When I started this blog in the spring of 2014, my goal was simply to share my artwork more widely. Nearly four years and 238 posts later, I’m thrilled that more than 3,000 people are now following. Keeping a blog is journey unto itself– I’ve met people I would never know otherwise, swapped stories and art tips, shared everyday experiences, and received much kindness from strangers around the world. Drawn In has also honed and focused my artwork, and motivated me to keep seeking, recording, and sharing the ordinary beauty around me. Many thanks to you for your interest in receiving my art in your inbox and for taking the time to offer your thoughts, praise, questions, and stories! Here’s to another spin around the sun and to a productive 2019!
After all the hustle and bustle and merriment of Christmas comes a bit of quiet– which always feels just right.
Tips and Techniques– Yesterday, I captured some of my final holiday preparations using a challenge I call “Hour by Hour.” The goal is to sketch something every hour of the day, but each sketch should take no more than three to five minutes. The time limit makes it doable, and although some of the sketches seem random in the moment, the end result really conveys a sense of the day. I sketched everything in pen and then added watercolor as time allowed. This is a fun challenge to try while traveling. I also recommend it if you struggle with what to sketch or with finding time to put pen to paper.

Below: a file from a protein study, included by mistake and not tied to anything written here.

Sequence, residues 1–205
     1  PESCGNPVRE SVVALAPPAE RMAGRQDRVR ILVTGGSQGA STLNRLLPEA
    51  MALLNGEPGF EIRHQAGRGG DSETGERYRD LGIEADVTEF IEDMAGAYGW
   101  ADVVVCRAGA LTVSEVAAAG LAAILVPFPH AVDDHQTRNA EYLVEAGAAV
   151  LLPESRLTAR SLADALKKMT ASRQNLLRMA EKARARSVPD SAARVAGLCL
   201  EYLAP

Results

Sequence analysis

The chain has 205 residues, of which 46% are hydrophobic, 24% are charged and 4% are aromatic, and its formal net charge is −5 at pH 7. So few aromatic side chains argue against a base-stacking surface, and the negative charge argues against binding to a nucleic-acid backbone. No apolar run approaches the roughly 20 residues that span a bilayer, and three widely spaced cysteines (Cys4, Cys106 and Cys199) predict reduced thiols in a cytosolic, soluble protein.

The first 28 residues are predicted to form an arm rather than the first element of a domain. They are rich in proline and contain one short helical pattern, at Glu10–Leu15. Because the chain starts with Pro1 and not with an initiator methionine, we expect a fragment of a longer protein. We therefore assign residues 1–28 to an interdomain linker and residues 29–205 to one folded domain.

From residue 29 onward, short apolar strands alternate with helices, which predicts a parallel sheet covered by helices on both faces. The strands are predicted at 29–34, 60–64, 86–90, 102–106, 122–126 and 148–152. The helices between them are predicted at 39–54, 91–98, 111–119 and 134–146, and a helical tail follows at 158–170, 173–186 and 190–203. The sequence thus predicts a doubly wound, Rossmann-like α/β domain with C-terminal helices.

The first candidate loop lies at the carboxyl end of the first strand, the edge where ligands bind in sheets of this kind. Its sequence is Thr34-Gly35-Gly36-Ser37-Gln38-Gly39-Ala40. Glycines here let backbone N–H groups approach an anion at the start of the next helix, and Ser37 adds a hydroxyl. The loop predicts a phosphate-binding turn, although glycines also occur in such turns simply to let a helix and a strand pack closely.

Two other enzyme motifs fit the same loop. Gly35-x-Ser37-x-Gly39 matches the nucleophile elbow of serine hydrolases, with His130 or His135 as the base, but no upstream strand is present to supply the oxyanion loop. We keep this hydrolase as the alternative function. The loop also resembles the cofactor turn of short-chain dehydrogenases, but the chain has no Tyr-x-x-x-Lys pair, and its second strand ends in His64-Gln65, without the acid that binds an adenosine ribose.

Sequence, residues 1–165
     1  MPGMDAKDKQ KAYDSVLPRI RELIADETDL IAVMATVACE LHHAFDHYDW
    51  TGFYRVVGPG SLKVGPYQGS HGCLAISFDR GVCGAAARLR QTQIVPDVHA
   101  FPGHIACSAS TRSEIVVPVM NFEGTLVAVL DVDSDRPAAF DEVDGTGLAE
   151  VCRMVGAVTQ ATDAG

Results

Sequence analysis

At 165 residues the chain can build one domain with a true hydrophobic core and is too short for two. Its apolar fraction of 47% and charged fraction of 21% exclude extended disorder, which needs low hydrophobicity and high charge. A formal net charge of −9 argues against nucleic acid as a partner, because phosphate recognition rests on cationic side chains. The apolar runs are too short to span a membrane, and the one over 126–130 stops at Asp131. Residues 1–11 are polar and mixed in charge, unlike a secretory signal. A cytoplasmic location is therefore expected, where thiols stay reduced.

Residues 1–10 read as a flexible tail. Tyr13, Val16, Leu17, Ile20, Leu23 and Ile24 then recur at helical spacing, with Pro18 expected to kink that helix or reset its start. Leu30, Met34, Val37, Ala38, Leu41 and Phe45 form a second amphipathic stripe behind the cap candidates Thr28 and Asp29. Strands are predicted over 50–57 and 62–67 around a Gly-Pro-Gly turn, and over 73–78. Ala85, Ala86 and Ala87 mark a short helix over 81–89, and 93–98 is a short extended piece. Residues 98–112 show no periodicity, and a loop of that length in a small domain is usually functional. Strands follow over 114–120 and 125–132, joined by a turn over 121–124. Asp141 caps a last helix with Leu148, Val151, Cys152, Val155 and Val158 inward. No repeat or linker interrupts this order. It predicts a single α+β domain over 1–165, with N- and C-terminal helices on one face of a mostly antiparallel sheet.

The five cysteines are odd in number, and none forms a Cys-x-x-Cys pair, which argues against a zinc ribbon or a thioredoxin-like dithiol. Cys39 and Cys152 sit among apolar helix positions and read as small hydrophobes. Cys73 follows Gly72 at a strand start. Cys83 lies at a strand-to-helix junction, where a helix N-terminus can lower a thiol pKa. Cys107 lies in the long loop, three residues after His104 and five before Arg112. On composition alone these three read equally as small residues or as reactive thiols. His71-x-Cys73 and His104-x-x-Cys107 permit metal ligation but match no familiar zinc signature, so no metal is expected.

It’s a busy time of year in my workshop. ‘Tis the season for making lists, and creating gifts and cards and tags. This leaves little time for personal artwork. Instead, I glued my To Do lists into my journal and, as you can see, this page reflects the rather messy state of my affairs.
My favorite project each year is the Christmas letter I create for my former neighbor’s children. I have been sending them tales from the North Pole for several years; and though they are now at the age when believing in such magic is increasingly met with skepticism, I can’t let the Christmas spirit go. Here’s this year’s card—just a simple note, but one that I am happy to share with them, and with you at this festive time of year. Wishing you joy!